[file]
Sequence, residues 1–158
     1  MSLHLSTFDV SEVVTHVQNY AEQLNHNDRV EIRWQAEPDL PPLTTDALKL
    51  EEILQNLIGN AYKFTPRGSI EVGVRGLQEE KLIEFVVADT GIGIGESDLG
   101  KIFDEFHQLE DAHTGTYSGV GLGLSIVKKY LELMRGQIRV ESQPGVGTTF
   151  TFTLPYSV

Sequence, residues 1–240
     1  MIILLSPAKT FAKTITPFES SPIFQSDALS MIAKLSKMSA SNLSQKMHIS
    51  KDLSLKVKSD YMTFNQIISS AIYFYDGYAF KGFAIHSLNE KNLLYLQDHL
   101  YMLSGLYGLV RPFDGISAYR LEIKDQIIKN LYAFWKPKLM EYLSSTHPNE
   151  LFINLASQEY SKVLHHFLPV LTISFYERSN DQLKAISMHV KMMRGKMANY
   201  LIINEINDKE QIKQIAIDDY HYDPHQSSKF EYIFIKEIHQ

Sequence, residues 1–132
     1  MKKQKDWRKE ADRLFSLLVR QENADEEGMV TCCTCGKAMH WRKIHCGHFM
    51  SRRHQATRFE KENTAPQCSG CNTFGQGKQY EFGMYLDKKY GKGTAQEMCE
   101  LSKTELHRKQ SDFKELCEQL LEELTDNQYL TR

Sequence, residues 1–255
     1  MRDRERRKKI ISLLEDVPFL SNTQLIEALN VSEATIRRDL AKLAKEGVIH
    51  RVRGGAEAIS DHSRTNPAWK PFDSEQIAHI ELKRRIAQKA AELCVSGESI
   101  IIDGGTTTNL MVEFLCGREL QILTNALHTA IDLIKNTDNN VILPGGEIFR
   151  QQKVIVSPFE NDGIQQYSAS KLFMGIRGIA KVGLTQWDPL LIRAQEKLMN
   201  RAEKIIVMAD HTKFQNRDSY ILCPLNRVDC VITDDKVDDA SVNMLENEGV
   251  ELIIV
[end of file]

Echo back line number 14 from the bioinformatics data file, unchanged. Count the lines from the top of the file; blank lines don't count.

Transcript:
    51  SRRHQATRFE KENTAPQCSG CNTFGQGKQY EFGMYLDKKY GKGTAQEMCE